Authorities say cases of gunshot wounds, mutilations and other injuries have been detected in recent months.
Scientists from the Institute for Marine Mammal Studies in Gulfport have responded to four dolphin strandings. And on Friday, a team went to Deer Island and found a second dolphin dead with a portion of his jaw missing.
A dolphin found dead earlier near Gautier had a 9mm bullet wound.
"It went through the abdomen, into the kidneys and killed it," said Moby Solangi, IMMS executive director.
He said recovering the dolphins and performing a necropsy to determine the cause of death is heartbreaking for his staff.
"We think there's someone or some group on a rampage," he said. "They not only kill them but also mutilate them."
The public can help by reporting any information they may know about the mutilations, he said. He also asked recreational and commercial fishermen to be on the watch for anyone killing the dolphins.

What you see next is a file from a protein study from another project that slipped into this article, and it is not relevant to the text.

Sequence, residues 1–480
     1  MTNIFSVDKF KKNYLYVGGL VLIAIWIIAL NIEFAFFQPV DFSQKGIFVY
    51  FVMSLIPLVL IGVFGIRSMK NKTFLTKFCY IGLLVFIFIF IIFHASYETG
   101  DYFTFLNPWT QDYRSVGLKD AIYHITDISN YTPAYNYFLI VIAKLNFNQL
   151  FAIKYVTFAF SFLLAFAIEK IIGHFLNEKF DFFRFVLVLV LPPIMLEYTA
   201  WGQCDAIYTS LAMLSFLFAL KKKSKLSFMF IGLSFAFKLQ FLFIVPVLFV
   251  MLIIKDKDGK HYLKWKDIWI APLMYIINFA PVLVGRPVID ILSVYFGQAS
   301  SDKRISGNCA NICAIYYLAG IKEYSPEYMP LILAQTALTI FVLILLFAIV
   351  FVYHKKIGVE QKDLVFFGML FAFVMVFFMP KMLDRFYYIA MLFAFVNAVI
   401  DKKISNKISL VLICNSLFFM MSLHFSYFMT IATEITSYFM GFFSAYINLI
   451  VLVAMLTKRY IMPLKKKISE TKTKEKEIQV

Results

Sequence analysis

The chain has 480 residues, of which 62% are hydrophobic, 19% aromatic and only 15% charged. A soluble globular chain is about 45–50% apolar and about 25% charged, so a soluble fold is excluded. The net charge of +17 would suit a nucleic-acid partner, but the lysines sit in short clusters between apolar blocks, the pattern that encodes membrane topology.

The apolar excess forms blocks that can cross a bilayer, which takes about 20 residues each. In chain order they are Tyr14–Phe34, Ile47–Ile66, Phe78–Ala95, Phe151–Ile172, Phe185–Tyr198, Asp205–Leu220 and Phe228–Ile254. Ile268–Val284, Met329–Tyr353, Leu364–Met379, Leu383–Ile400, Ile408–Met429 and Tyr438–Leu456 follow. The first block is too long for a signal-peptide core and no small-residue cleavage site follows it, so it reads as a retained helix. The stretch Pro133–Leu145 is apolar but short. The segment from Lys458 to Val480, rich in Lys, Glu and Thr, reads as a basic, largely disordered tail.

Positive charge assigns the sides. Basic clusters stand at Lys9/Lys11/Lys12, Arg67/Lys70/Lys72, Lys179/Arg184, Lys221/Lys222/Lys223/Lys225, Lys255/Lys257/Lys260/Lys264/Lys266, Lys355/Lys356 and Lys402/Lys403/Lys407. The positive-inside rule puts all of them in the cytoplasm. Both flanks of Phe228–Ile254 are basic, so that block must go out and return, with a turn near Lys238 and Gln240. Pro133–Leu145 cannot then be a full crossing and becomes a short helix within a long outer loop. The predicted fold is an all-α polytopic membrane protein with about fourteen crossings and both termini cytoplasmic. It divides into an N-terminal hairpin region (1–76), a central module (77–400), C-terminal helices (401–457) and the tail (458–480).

Attacks on the dolphins carry fines and jail sentences.
Solangi said he doesn't know why anyone would want to kill the dolphins. "They already are under a lot of stress from the oil spill, the dead zone," he said. However, in the past fishermen and charter boat captains have been convicted of harming dolphins they thought were taking bait or fish.